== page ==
It is amazing how quickly the dynamic can change in skating.

In one instant the seemingly impossible can appear probable and the assumed balance of power can shift.

There is a chance that this is what happened last week when the Korea Skating Union announced that defending Olympic and world champion Kim Yu-na would sit out the entire Grand Prix season with an injury to her right foot.

The timing could not have been worse for Kim, who is hoping to retain her Olympic crown at the Sochi Games in February. She has skated infrequently since winning the gold at the Vancouver Games in 2010, and had appeared ready to get into a seemingly normal routine as the Olympic campaign beckoned.

But that is all out the window now. The injury has significantly altered her plans, and the exact extent of the impact it will have on Kim’s readiness in Russia is still unclear.

One thing that is certain is that where there once appeared to be only a slim chance for two-time world champion Mao Asada to overtake Kim and grab the gold at the Olympics, now the odds do not seem as long.

The bottom line is that Mao now has a legitimate shot at topping the podium in Sochi.

It’s not just that Kim is injured and will miss the GP season and a possible showdown with Mao at the GP Final in Fukuoka, it’s that when an athlete gets a glimmer of hope, they are often inspired to seize upon it.

Mao could certainly use a boost, and though she would no doubt like to beat Kim when she is at the top of her game, the gold medal will go to the skater who is at their best on those two nights in Sochi next February.

Mao has had no official comment on Kim’s injury so far, but it would be interesting to know what she is thinking.

Will this provide her with extra motivation?


Mao has done a lot for skating, and there are many fans around the world who would like to see her win the sport’s ultimate prize. She will have to earn it, but the task may have just gotten a bit easier.

There will be other opponents besides Kim to contend with at the Olympics, but with the elite skaters we are talking about just a handful of people. If Kim is not 100 percent, that means a totally different dynamic.

The guess here is that Kim’s injury is likely worse than is being let on. It has to be fairly serious for her to be ruled out of the GP season, which is crucial in an Olympic year.

Is Kim’s team being overly cautious?


But the reality is that pulling her out of competitive action against other top skaters this fall seems a bit odd.

The KSU’s announcement about Kim’s injury said she, “suffered a slight injury to her metatarsal on her right foot. It requires six weeks of treatment, followed by a rehabilitation program to prevent the injury from recurring. As such, we decided that it would be better for her to skip the entire Grand Prix Series.”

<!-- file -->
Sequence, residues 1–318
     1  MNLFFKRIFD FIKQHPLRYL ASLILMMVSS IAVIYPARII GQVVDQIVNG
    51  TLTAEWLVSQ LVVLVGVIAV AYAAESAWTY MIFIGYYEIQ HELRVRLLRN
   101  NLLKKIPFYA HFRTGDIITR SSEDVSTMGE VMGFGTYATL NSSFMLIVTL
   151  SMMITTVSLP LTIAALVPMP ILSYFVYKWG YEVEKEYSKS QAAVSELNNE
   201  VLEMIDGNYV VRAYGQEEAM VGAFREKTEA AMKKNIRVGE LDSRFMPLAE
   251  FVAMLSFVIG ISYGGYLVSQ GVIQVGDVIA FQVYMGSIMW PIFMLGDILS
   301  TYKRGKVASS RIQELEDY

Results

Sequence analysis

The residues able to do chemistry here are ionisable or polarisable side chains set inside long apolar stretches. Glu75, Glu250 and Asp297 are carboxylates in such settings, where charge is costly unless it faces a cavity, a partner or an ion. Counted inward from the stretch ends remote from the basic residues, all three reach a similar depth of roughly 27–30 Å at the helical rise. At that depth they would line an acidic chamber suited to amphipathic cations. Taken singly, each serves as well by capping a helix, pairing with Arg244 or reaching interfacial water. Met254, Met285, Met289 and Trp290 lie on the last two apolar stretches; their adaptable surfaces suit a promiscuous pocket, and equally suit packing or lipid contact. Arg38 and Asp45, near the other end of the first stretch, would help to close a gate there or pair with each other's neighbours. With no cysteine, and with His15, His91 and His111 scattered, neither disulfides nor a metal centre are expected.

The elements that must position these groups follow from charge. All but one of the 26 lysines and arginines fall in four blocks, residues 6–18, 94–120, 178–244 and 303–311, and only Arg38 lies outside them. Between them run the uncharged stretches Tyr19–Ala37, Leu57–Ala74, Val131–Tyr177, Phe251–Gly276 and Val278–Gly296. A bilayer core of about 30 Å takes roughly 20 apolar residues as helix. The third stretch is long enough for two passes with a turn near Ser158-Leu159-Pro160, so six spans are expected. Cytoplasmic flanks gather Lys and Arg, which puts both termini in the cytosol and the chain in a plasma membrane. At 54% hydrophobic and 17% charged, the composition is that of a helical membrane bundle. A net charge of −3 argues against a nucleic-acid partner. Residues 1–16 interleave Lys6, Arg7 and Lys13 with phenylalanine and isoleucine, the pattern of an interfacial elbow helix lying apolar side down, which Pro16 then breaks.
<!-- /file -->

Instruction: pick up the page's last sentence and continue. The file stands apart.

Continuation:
The interesting fact attached to the story in the Chosun Ilbo about Kim’s injury was that it also mentioned that Kim needed to meet the Olympic qualify standard to compete in the top group of skaters in Sochi.

To do this, it stated she may compete at the NRW Trophy in Dortmund, Germany, (where she won last year in her comeback) or the Four Continents in Taipei.

The NRW Trophy is held in the first week of December. which seems too close to the end of the GP season to be realistic if the injury is what they say it is.

The other possibility — the Four Continents — in January seems more realistic.

Either way, the decision to bypass the GP series is hard to dissect. With all of the other skaters trying to peak for Sochi, you would think Kim would want to test herself against the best competition.

We saw what happened in 2011, when she sat out the GP season and then finished second at the worlds to Miki Ando.

It was the equivalent of trying to come off the bench after sitting out the entire season in baseball and trying to hit a home run in the World Series.

Not an easy feat.

Encouraging start: Ando met the Olympic qualifying standard with her second-place finish at the Nebelhorn Trophy last month in Oberstdorf, Germany, where she finished behind world junior champion Elena Radionova of Russia.

Though Ando’s showing was encouraging, she finished more than 25 points behind Radionova and clearly has a lot of work to do if her long-shot bid to skate in a third Olympics is to come to fruition.

Ando still must advance through the Kanto regionals and the Eastern Japan regionals to skate in the national championships. Those are both achievable, but knocking off Mao, Akiko Suzuki or Kanako Murakami for one of Japan’s three tickets to Sochi is another matter.

Fine showings: Japan’s up-and-coming skaters continue to impress during the Junior GP season. Keiji Tanaka won the event in Kosice, Slovakia, two weeks ago, while Riona Kato took third place.

Ryuju Hino, who finished second in Mexico City in early September, placed second again last week at the JGP in Minsk, Russia.

Rika Hongo also made the podium in Minsk, finishing third.

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